of colloidal particles into IQCs is possible in a one-component system of particles interacting via
an isotropic potential. Their findings suggest routes to design and preparation IQCs in soft matter
and nanoscale systems.
Received .... Accepted ...
48
Self-assembly of hard sphere droplet-colloid mixture into quasicrystal
Our aim in this paper is to find out any variations in the abundant phase diagram that is
reported by Glotzer and coworkers [4], in the presence of hard-sphere particles. To do this, we
employ means of computer simulations to reproduce the results in Ref [4]. We next investigate
in detail the formation of all crystal structures, especially in IQC region, when the second type of
particles is introduced into the system.
2. Model and simulation method
2.1. Model
We investigate a binary mixture of Nc colloidal particles with diameter σc and Nd droplets
of hard-sphere diameter σd. The total interaction energy U is written as the sum of colloid-colloid,
droplet-droplet, and colloid-droplet interactions,
U =
Nc∑
i<j
φcc (|ri − rj |) +
Nd∑
i<j
φdd (|Ri −Rj |) +
Nc∑
i
Nd∑
j
φcd (|ri −Rj |) , (2.1)
where ri is the center-of-mass position of colloid i, Ri is the center-of-mass position of
droplet j, φcc is the colloid-colloid pair interaction, φcc is the colloid-droplet pair interaction,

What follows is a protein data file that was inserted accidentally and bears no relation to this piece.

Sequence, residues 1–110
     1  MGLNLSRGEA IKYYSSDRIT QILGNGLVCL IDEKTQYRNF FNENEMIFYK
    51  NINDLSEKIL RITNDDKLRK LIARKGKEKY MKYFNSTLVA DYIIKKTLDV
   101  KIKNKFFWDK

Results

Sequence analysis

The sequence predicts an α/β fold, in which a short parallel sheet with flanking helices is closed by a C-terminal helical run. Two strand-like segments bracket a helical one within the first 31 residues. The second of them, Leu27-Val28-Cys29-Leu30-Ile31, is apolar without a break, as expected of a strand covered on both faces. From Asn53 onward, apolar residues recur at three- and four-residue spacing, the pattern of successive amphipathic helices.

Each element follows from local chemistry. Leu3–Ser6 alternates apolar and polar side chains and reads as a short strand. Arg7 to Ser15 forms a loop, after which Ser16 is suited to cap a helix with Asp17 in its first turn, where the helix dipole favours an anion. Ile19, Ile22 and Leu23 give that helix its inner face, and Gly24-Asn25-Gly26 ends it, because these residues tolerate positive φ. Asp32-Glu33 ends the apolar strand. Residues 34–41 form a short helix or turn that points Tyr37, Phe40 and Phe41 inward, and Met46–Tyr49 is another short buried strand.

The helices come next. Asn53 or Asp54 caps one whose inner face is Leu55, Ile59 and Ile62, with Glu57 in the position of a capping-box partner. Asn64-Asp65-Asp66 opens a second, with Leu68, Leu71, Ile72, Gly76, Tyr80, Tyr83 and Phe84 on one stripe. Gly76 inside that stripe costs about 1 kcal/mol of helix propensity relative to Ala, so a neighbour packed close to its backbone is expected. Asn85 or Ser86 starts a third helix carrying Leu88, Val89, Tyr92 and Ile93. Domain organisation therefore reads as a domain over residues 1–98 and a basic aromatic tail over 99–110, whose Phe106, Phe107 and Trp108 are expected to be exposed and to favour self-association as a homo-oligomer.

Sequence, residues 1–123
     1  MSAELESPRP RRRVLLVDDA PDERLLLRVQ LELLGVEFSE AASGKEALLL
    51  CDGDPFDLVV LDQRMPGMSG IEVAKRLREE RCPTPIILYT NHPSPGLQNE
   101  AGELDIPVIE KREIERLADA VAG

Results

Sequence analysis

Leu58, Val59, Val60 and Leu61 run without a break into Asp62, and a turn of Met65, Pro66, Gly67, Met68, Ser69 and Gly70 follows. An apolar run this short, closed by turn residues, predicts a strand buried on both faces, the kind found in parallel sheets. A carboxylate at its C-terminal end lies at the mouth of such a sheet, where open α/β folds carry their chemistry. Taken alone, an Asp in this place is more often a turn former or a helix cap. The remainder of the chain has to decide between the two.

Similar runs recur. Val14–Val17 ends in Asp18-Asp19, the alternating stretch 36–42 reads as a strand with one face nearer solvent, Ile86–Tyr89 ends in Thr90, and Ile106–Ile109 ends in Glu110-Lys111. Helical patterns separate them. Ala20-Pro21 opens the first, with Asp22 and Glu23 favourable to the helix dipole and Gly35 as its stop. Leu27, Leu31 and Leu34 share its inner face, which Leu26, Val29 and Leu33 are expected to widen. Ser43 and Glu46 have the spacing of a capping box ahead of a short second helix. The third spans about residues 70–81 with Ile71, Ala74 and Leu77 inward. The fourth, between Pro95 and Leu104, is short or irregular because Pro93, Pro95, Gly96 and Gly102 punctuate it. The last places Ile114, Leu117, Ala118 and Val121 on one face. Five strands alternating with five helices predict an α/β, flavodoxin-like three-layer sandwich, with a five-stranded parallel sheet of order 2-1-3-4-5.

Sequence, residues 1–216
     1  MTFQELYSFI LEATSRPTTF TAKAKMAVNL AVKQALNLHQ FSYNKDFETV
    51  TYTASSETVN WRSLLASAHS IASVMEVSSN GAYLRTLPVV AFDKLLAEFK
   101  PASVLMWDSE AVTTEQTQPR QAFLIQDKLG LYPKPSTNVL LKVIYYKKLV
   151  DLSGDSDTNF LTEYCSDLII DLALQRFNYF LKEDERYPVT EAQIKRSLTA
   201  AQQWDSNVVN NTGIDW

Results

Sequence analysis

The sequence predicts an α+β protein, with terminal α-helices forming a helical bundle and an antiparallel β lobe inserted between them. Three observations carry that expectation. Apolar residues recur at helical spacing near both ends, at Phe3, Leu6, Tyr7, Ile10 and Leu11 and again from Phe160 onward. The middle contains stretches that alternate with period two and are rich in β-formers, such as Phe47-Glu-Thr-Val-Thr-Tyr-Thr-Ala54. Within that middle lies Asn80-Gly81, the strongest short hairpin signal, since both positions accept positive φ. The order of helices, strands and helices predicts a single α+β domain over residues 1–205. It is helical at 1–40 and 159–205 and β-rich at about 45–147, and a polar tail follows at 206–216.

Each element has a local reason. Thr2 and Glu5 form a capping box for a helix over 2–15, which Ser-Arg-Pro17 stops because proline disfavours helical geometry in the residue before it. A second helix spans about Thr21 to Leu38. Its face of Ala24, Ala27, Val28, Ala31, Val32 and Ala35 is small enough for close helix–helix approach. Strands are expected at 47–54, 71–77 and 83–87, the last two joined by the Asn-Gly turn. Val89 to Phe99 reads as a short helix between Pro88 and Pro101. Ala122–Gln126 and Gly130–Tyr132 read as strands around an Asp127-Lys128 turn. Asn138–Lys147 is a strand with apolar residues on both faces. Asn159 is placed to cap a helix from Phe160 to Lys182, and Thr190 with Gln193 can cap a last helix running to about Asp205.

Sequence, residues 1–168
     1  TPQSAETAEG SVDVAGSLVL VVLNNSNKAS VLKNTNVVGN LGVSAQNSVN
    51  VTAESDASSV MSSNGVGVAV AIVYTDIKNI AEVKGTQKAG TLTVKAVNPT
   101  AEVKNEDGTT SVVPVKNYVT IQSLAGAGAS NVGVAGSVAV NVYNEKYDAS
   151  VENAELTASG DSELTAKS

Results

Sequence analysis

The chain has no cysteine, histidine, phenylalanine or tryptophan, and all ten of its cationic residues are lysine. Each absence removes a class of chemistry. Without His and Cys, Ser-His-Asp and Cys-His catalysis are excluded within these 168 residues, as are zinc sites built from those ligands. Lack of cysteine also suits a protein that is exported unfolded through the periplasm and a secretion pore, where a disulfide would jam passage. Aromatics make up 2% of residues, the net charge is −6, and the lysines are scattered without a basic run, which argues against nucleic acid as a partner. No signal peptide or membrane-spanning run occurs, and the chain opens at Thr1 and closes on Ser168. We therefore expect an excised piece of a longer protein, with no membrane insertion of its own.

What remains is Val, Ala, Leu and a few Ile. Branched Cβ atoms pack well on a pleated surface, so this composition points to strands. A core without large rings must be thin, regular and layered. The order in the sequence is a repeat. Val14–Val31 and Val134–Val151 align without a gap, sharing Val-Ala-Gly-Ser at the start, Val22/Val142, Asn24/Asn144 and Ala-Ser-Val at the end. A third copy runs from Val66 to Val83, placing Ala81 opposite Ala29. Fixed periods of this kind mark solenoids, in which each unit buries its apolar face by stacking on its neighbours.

andφcc is the droplet-droplet pair interaction.
2.1.1. Colloid-colloid pair interaction
Mihalkovi and Henley [5] defined the family of oscillating pair potentials (OPP) as follows,
Vcc(r) = C1r
−η1 + C2r−η2 cos(kr + Φ) (2.2)
where C1, C2 are constants, k is the wave vector and Φ is the phase shift and r is the interparticle
distance. For the sake of simplicity, we set C1 = C2 = 1 for the energy scale and the length
scale. The first exponent η1 = 15 responsible for the repulsive core that is similar to a value used
by Mihalkovi and Henley [5] and by the Zetterling potential [6]. The second exponent, η2 = 3 is
chosen to resemble Friedel oscillations [7] due to
VFriedel(r) ≈ cos(2kF r + θ)/r3, (2.3)
The oscillating pair potential (OPP) with three-wells and six parameters mimics the atomic
interactions of many metallic systems [5]. However, here we use the OPP as a generic potential
for colloidal suspensions.
2.1.2. Droplet-droplet pair interaction
The droplet-droplet interaction is hard-sphere like [8]
Vdd(r) =
{ −1 + (σdr )36, r < σd
0 otherwise,
(2.4)
with σd being the diameter of droplet spheres.
49
.Table 1: Dimensionless physical quantities.
physical quantity definition
wave vector k∗ = kσ
phase shift Φ
interparticle distance r∗ = r/σ
temperature T ∗ = kBT/
volume V ∗ = V/σ3
particicle density ρ∗ = ρσ3
Hard-sphere model are widely used as model particles in the statistical mechanical theory
of fluids and solids. They are defined simply as impenetrable spheres that cannot overlap in space.
They mimic the extremely strong at very close distances. Hard spheres systems are studied by
molecular dynamics simulations, and by the experimental study of the certain colloidal model
system.
2.1.3. Colloid-droplet pair interaction
The colloid-droplet interaction is aimed at the Pickering emulsions. The adsorption energy
when a colloid absorbs at the droplet-solvent interface is modeled by a simple parabolic well [8]
Vcd(r) =
{
a(r −B)2 + c r < σc+σd2
0 othewise,
(2.5)
where a = (−+
√
2 + r20)/2r
2
0, c = (−
√
2 + r20)/2 and B = (σc + σd)/2− r0. The value